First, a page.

The European Union triggered a year-long process for imposing trade sanctions against Cambodia as a result of alleged human-rights violations in the country.

The European Commission in Brussels moved on Monday toward suspending a policy that lets Cambodia export all goods except weapons duty-free and quota-free to the EU.

The commission, the EU’s executive arm, will monitor the situation in Cambodia for the next six months and decide within 12 months whether to revoke—at least in part—the bloc’s trade preferences. In the coming six to nine months, the commission will issue a report with findings, according to the decision due to be published on Feb. 12 in the EU Official Journal.

“Today’s move is neither a final decision nor the end of the process; but the clock is now officially ticking and we need to see real action soon,” EU Trade Commissioner Cecilia Malmstrom said in an emailed statement.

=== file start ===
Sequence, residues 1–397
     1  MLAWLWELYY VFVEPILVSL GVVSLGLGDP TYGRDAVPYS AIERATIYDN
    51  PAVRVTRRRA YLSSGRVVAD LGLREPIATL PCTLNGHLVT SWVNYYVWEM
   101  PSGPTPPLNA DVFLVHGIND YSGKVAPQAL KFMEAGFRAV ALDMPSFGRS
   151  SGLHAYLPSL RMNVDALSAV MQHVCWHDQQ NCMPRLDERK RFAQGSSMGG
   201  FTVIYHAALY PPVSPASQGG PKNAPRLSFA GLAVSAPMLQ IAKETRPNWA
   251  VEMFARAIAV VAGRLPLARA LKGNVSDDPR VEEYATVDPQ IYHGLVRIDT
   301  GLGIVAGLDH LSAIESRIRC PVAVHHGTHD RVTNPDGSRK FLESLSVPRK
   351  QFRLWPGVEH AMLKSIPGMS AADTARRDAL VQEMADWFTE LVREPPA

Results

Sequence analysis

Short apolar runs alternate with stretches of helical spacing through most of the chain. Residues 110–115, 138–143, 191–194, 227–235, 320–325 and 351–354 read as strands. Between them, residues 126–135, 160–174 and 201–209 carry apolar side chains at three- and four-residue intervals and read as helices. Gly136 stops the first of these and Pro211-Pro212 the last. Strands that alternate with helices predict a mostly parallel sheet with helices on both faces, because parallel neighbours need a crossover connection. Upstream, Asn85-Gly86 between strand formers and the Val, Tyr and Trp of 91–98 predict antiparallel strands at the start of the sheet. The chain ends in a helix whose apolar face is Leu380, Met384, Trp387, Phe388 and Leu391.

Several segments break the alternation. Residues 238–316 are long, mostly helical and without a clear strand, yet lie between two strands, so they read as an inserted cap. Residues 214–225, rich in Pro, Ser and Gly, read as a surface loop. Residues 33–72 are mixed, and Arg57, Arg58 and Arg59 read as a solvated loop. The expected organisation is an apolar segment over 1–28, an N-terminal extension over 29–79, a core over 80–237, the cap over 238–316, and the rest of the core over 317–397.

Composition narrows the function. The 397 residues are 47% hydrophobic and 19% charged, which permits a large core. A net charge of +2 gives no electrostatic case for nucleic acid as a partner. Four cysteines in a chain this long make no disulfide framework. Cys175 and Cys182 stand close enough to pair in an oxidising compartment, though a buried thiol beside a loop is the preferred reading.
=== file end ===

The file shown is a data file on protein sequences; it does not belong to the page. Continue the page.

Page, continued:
The EU is trying to prod changes in the political behavior of Cambodian Prime Minister Hun Sen while being wary of damaging the country’s economy, where a $5 billion garment industry employs 750,000 people and is the biggest exporter.

Hun Sen, who extended his 33-year rule last July when his party won a boycotted election, has so far struck a defiant tone with the European side.

The commission on Jan. 29 won the green light from EU national governments to initiate the process for suspending the bloc’s trade preferences for Cambodia.